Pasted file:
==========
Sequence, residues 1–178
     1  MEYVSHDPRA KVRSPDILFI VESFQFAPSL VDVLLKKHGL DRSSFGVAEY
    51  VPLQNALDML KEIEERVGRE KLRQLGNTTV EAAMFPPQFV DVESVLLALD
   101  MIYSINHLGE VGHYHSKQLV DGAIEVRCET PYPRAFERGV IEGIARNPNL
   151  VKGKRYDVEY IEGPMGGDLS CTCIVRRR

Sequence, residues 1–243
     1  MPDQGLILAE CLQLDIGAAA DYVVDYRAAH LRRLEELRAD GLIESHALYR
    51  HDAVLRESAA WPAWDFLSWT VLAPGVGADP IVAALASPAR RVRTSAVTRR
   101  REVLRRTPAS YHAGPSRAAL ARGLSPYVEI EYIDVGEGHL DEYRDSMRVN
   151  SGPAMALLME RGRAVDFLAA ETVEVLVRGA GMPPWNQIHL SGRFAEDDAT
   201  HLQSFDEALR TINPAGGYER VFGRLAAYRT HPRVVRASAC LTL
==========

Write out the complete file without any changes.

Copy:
Sequence, residues 1–178
     1  MEYVSHDPRA KVRSPDILFI VESFQFAPSL VDVLLKKHGL DRSSFGVAEY
    51  VPLQNALDML KEIEERVGRE KLRQLGNTTV EAAMFPPQFV DVESVLLALD
   101  MIYSINHLGE VGHYHSKQLV DGAIEVRCET PYPRAFERGV IEGIARNPNL
   151  VKGKRYDVEY IEGPMGGDLS CTCIVRRR

Sequence, residues 1–243
     1  MPDQGLILAE CLQLDIGAAA DYVVDYRAAH LRRLEELRAD GLIESHALYR
    51  HDAVLRESAA WPAWDFLSWT VLAPGVGADP IVAALASPAR RVRTSAVTRR
   101  REVLRRTPAS YHAGPSRAAL ARGLSPYVEI EYIDVGEGHL DEYRDSMRVN
   151  SGPAMALLME RGRAVDFLAA ETVEVLVRGA GMPPWNQIHL SGRFAEDDAT
   201  HLQSFDEALR TINPAGGYER VFGRLAAYRT HPRVVRASAC LTL